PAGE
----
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Fundamentals of Managing Finance Chap 12

# The cost of idle funds in transit it takes five days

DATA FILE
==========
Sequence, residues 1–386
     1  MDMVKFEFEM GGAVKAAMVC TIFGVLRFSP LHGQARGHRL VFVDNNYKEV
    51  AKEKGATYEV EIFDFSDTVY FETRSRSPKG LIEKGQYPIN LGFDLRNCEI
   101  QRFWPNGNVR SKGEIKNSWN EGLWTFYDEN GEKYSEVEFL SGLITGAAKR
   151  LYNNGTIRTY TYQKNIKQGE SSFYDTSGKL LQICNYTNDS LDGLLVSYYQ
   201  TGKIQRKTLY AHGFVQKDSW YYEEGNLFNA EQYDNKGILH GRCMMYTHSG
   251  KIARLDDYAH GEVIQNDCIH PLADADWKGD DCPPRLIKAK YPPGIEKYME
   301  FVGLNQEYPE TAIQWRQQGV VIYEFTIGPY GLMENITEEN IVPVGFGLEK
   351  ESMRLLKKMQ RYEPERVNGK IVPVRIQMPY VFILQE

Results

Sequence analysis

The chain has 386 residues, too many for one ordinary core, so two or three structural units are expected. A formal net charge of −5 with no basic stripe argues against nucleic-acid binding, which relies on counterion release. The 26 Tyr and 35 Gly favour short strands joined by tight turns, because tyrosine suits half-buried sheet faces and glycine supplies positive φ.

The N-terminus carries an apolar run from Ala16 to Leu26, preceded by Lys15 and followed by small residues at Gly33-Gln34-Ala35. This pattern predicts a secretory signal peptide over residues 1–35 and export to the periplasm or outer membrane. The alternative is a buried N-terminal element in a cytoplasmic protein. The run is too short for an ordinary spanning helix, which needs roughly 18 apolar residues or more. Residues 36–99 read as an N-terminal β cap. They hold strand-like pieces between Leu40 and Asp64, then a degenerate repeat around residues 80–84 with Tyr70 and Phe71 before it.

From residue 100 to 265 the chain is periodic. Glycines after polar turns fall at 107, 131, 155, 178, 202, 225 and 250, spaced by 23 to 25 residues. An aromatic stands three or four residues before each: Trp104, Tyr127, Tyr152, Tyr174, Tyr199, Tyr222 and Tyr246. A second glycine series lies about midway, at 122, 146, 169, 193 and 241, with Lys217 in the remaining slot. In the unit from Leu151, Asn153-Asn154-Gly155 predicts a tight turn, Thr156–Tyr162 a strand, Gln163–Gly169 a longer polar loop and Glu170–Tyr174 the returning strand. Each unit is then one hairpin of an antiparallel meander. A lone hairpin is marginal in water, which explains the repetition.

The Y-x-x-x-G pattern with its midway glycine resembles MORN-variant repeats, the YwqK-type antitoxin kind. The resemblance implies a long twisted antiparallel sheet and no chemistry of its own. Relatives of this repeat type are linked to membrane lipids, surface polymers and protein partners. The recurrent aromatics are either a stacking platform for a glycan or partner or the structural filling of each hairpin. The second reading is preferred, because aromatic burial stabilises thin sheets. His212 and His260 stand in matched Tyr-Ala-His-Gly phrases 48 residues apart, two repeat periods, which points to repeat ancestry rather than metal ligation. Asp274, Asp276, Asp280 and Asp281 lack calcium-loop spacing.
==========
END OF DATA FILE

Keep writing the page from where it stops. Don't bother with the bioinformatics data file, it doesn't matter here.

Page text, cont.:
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Unformatted text preview: resent idle funds that cannot be used elsewhere, money that has an opportunity cost determined by the firm’s cost of capital. The Cost of Idle Funds in Transit It takes five days on average for customers’ checks, averaging \$50,000 per day, to reach a company. Once received, the money is invested to earn interest until required for payments to suppliers. Deposits, averaging \$40,000 per day, are made to cover the company’s checks one day before they clear. The company has a cost of capital of 12%. Question: What is the annual cost of these idle funds? Solution steps: 1. Multiply the number of idle days by the average daily cash flow to obtain the total sum of idle money: Idle money (5 days \$50,000) \$290,000 (1 day \$40,000) 2. Multiply the total idle money by the cost of capital: \$290,000 12% \$34,800 Answer: The annual cost of idle funds is \$34,800. \$290,000 is tied up in transit and cannot be used elsewhere, requiring the firm to raise another \$290,000 at an annual cost of \$34,800. FIGURE 12.3 Operating cash flow into and out from a company. Customers mail checks to the firm, and the money is then used to make payments to suppliers. Chapter 12 Investing in Permanent Working Capital Assets 295 SERVING FINANCE’S CUSTOMERS No Missed Cash Deliveries at Corning, Incorporated NET Present Value More information about the use of lockboxes can be found at the National Check Fraud Center website: www.ckfraud.org/ lockbox.html lock box—a post office box to which customers mail their payments concentration banking—the practice of instructing customers to mail payments to a local bank which then forwards the payment electronically electronic funds transfer— the computerized exchange of money between bank accounts NET Present Value A company offering a wide range of electronic funds transfer services is NPSGlobal at: www.npsglobal.com The Treasury Division of Corning, Incorporated, the large multinational glass and ceramic products manufacturer, evaluates its performance in meeting its customers’ requirements with a set of measurements the company calls Key Results Indicators (KRIs). For the Cash Management group, one KRI is the number of times Treasury fails to deliver the exact amount of cash needed by a company unit where and when required. Corning Treasury’s goal is to have a KRI of zero—no missed cash deliveries. Because idle funds in transit are costly, financial managers attempt to reduce receivables float by accelerating collections and reduce idle “in-bank” funds by delaying disbursements. Accelerating collections translates to speeding up or eliminating the mail. One way to do this is by instructing customers to mail payments to a lock box, a post office box used only for customer checks. A messenger from the company’s commercial bank empties the lock box at regular intervals and takes the checks directly to the bank for deposit; the checks avoid the delay of being delivered to the company which then has to take them to the bank. Companies doing business in widely spread locations often also use concentration banking, in which customers mail their checks to a local lock box. There they are picked up by a local bank which then “concentrates” the funds by forwarding them electronically to the company’s bank. With concentration banking, the time mail takes to travel long distances is avoided since all mail delivery is local. Another way is to request that customers make payments by electronic funds transfer in which money is transferred directly from the customer’s bank to the company, thereby avoiding the mail altogether (and increasing the liklihood of being paid). At first glance it would seem that customers would balk at such a system since they benefit from keeping their money for the period of float. However, in addition to eliminating receivables float in its entirety, direct electronic transfer eliminates the majority of the costs of a mail-based system: invoicing, paper, postage, handling, reconciliation of accounts, and the cost of rework when an error occurs. In many cases, the savings to both parties exceeds the cost of the float and can be shared between the parties. A decrease in funds in transit is a permanent reduction to the firm’s working capital needs and is analyzed using the perpetuity technique introduced earlier in this chapter. Interestingly, the change shows up on the accounting books not as a decrease to cash, but as a decrease in the accounts receivable balance since money owed the company is being collected more rapidly. Example Accelerating Collections A company receives cash inflows of \$1,000,000 per day from customers scattered across North America. For an annual fee of \$300,000, its bank has proposed to implement a lock box/concentration banking system which would cut receivables float from an average of five days to two days. The company’s cost of capital is 12% and it is in the 35% tax bracket. 296 Part IV Adding Value Question: What is the value of the proposed system? Should it be implemented? Solution steps: 1. Calculate the rece...
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